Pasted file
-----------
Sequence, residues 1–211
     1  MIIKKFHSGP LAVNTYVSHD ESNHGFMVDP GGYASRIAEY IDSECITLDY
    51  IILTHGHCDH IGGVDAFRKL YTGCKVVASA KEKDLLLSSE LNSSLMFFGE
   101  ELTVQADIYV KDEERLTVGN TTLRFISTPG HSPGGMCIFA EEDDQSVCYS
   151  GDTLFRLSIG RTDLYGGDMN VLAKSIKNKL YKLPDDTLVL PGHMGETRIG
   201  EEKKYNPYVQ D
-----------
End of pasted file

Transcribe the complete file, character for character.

Sequence, residues 1–211
     1  MIIKKFHSGP LAVNTYVSHD ESNHGFMVDP GGYASRIAEY IDSECITLDY
    51  IILTHGHCDH IGGVDAFRKL YTGCKVVASA KEKDLLLSSE LNSSLMFFGE
   101  ELTVQADIYV KDEERLTVGN TTLRFISTPG HSPGGMCIFA EEDDQSVCYS
   151  GDTLFRLSIG RTDLYGGDMN VLAKSIKNKL YKLPDDTLVL PGHMGETRIG
   201  EEKKYNPYVQ D